Busted: America's Right-wing Heroes Mything In Action

Random Lengths News | April 4, 2008
It’s not the hypocrisy, stupid—it’s the reason behind the hypocrisy of rightwing moral rectitude that’s the focus of NY Times best-selling author Glenn Greenwald in his third book, Great American Hypocrites: Toppling The Big Myths of Republican Politics. Hypocrisy is surely nothing new and Republicans hold no monopoly on it. But Greenwald, a former constitutional lawyer, cuts right to the chase in explaining what’s different about Republican hypocrisy today in the first two paragraphs of this most timely book.

Over the past three decades, Americans have vastly preferred Democratic Party policies to Republican ones Greenwald observes, yet they have elected Republicans the majority of times. “The most important factor, by far, is that the Republican Party has used the same set of personality smears and mythical psychological and cultural imagery to win elections,� Greenwald argues. “These myths and smears are amplified by the rightwing noise machine and mindlessly adopted by the establishment media. Right-wing leaders are inflated into heroic cultural icons, while Democrats are demonized as weak and hapless losers. These personality-based myths overwhelm substantive discussions and consideration of the issues.�

That’s his case in a nutshell, and the rest of his book is devoted to proving it, in agonizing and often embarrassing detail. In chapter one, he begins by deconstructing the myth of John Wayne, the thrice-married, drug-addicted, alcoholic, string-pulling draft-dodger who is the prototypical right-wing culture hero on whom all more recent versions—from Ronald Reagan to Rush Limbaugh to George W. Bush—are based.

Chapter two examines how the mainstream press feeds off of stories feed to it by rightwing operators, almost always with the ample support from rightwing media outlets and figures such as Rush Limbaugh, Matt Drudge and Fox News. Chapters three, four and five cite chapter and verse in tearing the mask off of rightwing claims to military heroism, “family values� morality, and “small government� restraint, respectively, while chapter six concludes with a detailed look at GOP presidential nominee John McCain.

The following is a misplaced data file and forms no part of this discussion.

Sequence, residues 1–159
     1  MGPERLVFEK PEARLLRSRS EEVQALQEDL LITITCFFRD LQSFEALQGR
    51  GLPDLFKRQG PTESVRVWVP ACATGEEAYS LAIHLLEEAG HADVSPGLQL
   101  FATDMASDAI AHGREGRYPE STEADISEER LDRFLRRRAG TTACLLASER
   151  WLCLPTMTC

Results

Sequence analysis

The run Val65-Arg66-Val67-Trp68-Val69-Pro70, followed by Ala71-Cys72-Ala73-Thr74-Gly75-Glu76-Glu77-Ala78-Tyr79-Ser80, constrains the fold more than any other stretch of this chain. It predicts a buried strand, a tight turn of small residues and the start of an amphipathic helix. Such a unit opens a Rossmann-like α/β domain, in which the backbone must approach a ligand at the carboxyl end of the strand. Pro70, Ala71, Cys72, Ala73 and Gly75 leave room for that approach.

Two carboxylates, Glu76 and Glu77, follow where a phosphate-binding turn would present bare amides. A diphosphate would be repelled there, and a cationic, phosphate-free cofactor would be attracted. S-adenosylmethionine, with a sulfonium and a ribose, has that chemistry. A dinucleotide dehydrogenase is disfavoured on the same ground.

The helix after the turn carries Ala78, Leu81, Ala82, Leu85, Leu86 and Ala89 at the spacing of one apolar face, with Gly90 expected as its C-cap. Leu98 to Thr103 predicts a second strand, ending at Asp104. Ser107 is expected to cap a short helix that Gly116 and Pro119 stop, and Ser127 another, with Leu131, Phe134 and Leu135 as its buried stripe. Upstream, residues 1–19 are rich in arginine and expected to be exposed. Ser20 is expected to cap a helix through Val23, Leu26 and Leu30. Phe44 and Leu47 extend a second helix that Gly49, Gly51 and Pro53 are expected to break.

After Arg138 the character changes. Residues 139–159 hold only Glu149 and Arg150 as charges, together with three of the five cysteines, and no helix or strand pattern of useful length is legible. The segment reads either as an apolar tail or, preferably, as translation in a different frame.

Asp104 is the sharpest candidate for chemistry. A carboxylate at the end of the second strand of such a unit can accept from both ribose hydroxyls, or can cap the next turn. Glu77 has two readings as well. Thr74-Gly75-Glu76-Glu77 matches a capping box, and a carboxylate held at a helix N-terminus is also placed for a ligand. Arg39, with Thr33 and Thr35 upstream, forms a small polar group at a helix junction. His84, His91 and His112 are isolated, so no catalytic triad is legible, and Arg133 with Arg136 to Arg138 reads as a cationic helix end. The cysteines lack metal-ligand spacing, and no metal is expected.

Particularly telling is the frank admission from two elite journalists, Mark Halperin of Time and John Harris, of The Politico, that “Matt Drudge rules our world,� a curiously overlooked admission in their 2006 book, The Way To Win. Greenwald then proceeds to show just how true this is. For example, The Politico ran eight stories in two weeks on John Edwards getting $200 haircuts—a reinforcement of the “effeminate Democratic male� mythology, but just one single story on Mitt Romney getting $150 make-up treatments—an even more feminine affectation that was duly buried. Drudge linked repeatedly to The Politico’s Edwards haircut stories, but not to the Romney makeup story.

How much did Drudge matter? Greenwald notes, “one web analyst estimated in March 2007 that Drudge accounted for 65 percent of Politico’s traffic (the next-highest source of traffic for The Politico was Google at a mere three percent.)

And how much did The Politico matter? Two different elite reporters—Brian Williams in April and Tim Russert five months later—asked Edwards about his haircuts in presidential debates.

“Most certainly, the press will pretend to be above it all,� Greenwald observes, “But they yammer about Drudge-promoted gossip endlessly, and then insist that their own spouting is proof that it is an important story that people care about…. It is an endless loop of self-referential narcissism.�

Greenwald also provides repeated admissions from media insiders—from already-published accounts—about how much they admire Republican tough–guy poses, regardless of any relation to reality, and how much they enjoy being close to those they admire, in a genuinely high schoolish fashion.

Consider the following, from Time campaign reporter Michael Scherer’s online article, when Romney was still challenging McCain, “The GOP’s High School Debate: The cool kid vs. the valedictorian�:

“Here’s one thing you need to know about John McCain. He’s always been the coolest kid in school. He was the brat who racked up demerits at the Naval Academy. He was the hot-dog pilot who went back to the skies weeks after almost dying in a fire on the U.S.S. Forrestal. His first wife was a model. His second wife was a rich girl, 17 years his junior.

“He kept himself together during years of North Vietnamese torture and solitary confinement. When he sits in the back of his campaign bus, we reporters gather like kids in the cafeteria huddling around the star quarterback. We ask him tough questions, and we try to make him slip up, but almost inevitably we come around to admiring him. He wants the challenge. He likes the give and take. He is, to put it simply, cooler than us.�

What Scherer won’t tell you, but Greenwald will, is that McCain repeatedly cheated on his first wife with the much younger and much wealthier woman who became his second wife. His first wife had been in a near-fatal car accident when McCain was a POW, which left her four inches shorter, dependent on crutches and considerably heavier. So he did what John Wayne, Rush Limbaugh, Fred Thompson or Newt Gingrich would do—find a much younger model to accompany him in his endless crusade for family values and against the “homosexual agenda.�

How cool is that?

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